3. Thank you speaking out about this. I get so bothered when I hear words like "cure" tossed around but as someone who has been blessed thus far to not be face to face with cancer, I feel like I'm not allowed to say that out loud. But from a scientific point of view, talking about a "cure for cancer" really doesn't make a ton of sense. Like you mention, cancer comes in a wide array - it's not one disease. And I can't speak from direct experience, but I do believe the research money could be much better spent.

  4. My heart goes out to you and your mom. Cancer is a bitch, and even more so when you think you've got it beat and it comes back somewhere else.

    I hear you on the mixed feelings about pink-ifying everything. On the one hand, it has gone a long way toward de-stigmatizing breast cancer so that women don't have to feel quite so isolated after diagnosis (people just didn't used to talk about it), and it's helped lots of people get earlier diagnoses, and thus (frequently) better prognoses.

    But on the other hand, it's sort of pink-washed everything else that goes along with the disease - the recurrences, the secondary cancers, and even to an extent the very real and legitimate emotions of people who are living with this disease. You don't look quite like the "hero" and "survivor" that people expect to see when you're just angry and cursing the fact that this happened to you in the first place. They expect a cheerful martyr, because that's the face that's presented in the pink campaigns. Personally, I think people who have cancer have every right to be angry, afraid, hopeful, whatever - it's a big scary thing and we should all give them space to deal with it as best they can. A close friend's mom was diagnosed a few year ago and got just sick to death of hearing people offer well-meaning advice/finger-wagging about what she should eat (or should have eaten to avoid getting cancer), how she should exercise (or should have exercised), and all she wanted to say was, "No. I did and do all those things. I did everything right. And I still got cancer. Sometimes, you're just unlucky, and it just fucking sucks. I'm scared, and I'm angry, and I have every right to be without a bunch of busybodies telling me that if I had/hadn't done X or if would only do Y now, I'd be cancer-free now. That's bullshit." Smart lady.

    I think it gets particularly bad here in the US, where health insurance is tied to employment and there is a large faction of people that seem to conflate being poor/unemployed/sick with some kind of moral failing, instead of recognizing a very real cause and effect relationship between access to healthcare, and you know, being healthy, or at least being able to get a diagnosis when you are sick.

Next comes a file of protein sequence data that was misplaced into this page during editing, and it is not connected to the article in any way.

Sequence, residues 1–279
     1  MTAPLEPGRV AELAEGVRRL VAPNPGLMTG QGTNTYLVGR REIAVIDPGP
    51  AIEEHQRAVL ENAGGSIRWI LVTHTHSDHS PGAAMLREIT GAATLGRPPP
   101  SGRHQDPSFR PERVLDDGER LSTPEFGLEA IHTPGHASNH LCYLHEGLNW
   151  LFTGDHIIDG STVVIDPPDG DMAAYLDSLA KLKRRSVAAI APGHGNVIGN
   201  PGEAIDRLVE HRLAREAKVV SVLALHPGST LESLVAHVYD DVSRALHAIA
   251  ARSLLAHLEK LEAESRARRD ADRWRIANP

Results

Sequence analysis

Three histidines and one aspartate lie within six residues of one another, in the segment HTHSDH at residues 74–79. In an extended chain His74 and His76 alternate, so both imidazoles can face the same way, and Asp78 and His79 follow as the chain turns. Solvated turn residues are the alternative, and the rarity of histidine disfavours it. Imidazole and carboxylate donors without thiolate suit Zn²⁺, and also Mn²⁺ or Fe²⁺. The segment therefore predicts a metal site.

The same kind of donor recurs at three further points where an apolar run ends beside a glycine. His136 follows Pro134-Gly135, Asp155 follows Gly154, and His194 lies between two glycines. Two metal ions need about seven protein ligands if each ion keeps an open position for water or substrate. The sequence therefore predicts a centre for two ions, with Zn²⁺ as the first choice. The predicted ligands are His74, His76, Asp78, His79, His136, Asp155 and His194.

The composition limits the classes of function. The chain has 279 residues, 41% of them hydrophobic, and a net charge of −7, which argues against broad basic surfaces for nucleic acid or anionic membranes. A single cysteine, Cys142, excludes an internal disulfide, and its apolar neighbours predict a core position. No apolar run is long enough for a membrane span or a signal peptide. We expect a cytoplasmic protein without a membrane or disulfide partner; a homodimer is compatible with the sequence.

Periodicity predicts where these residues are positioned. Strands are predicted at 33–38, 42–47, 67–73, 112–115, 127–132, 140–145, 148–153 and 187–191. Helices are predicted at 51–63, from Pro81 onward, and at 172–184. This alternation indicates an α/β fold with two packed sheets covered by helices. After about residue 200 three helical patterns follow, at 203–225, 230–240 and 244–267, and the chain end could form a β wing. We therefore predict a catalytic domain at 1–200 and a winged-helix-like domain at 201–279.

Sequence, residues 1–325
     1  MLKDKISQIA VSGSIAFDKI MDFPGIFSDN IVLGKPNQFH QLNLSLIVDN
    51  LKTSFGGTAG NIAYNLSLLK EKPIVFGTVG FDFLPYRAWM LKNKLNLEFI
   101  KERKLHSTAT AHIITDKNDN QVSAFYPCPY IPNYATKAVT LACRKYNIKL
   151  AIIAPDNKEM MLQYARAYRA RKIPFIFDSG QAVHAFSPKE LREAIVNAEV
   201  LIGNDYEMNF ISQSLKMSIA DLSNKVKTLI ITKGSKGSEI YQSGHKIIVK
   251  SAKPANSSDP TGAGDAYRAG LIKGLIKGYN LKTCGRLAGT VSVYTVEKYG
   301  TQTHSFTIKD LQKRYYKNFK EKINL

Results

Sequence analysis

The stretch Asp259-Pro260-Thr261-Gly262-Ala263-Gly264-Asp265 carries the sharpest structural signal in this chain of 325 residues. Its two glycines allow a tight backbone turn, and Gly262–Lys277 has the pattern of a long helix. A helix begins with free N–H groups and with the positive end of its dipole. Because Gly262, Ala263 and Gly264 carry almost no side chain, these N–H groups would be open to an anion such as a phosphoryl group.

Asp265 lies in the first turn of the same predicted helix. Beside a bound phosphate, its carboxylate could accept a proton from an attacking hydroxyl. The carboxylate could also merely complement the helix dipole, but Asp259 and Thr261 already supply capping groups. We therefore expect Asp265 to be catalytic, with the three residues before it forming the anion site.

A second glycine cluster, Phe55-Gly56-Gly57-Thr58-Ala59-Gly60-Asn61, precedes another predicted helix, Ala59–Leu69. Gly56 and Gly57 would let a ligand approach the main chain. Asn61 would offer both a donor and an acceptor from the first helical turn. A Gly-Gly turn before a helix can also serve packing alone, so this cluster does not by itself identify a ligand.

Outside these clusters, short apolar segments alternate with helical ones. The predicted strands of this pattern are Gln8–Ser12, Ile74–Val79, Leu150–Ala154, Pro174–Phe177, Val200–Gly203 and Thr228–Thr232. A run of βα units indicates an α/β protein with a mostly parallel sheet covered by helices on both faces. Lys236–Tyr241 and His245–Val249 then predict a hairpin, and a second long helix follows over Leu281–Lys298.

I used to work in a cancer research center (though the stuff I was doing was pretty far removed from cancer itself), and you're absolutely right that the vast majority of resources are directed at primary breast cancer, because that's what happens first, and because of the pink-ifying that's what people know about and what they rally to support in terms of research, and so now we are finally feeling like we know just enough about primary breast cancer to start making a dent, but there is so little out there about secondary cancers. I think that within the research community there are people working on it and talking about it but the allocation of resources is such that it doesn't get the same kind of attention.

    Sorry for the epic comment - it's been something close to my heart for a while now. I am thinking good thoughts for you and your mom.

  5. Wonderful post. I'll share the link everywhere I can :-)

    I think part of the research problem is that which runs through the entire pharmaceutical industry. Money. Drug development is freaking-arseing expensive and so companies focus on cancers and tumours that they know most about and are "easiest" to treat, so they're most likely to get a return on their investment in the research. One of the things about primary breast cancer is that the mutations involved are very well-established at this point, it's streets ahead of many other cancers, thus research in this area is a safer bet, financially.

    Don't get me wrong. This is not a defence. It is actually shitting AWFUL, the worst thing about our pharmaceutical industry. It's the reason I will never work for them, it's appalling. I won't be the first person to say that our drug development should be driven by NEED not finance, but sadly I also won't be the last. Writing like this, and sharing links like the one you sent, raising awareness and funds for lesser-known, lesser-understood, lesser-lesser cancers is beyond invaluable.

    Thank you for this. It's brilliant. Much love to you and your Mum.

    K x

  6. Thank you all so much for your lovely (and well-informed!) comments, and for sharing the link - I have the best readers ever.

  7. Kirsty, I wanted to do this since the day you posted this, but I finally got around to it. Here is to spread the "lilac" awareness.